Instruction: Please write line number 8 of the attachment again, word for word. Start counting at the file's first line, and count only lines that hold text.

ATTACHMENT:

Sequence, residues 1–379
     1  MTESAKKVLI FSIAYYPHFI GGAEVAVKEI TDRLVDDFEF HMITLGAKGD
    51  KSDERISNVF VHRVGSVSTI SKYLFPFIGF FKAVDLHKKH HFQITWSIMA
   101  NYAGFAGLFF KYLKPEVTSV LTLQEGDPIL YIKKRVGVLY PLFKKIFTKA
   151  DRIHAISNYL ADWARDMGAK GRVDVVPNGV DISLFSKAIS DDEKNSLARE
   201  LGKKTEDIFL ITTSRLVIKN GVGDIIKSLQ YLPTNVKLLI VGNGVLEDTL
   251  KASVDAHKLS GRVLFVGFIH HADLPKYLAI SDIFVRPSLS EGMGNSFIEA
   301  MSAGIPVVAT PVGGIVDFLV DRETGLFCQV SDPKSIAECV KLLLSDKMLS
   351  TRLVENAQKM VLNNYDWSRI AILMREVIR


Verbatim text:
   301  MSAGIPVVAT PVGGIVDFLV DRETGLFCQV SDPKSIAECV KLLLSDKMLS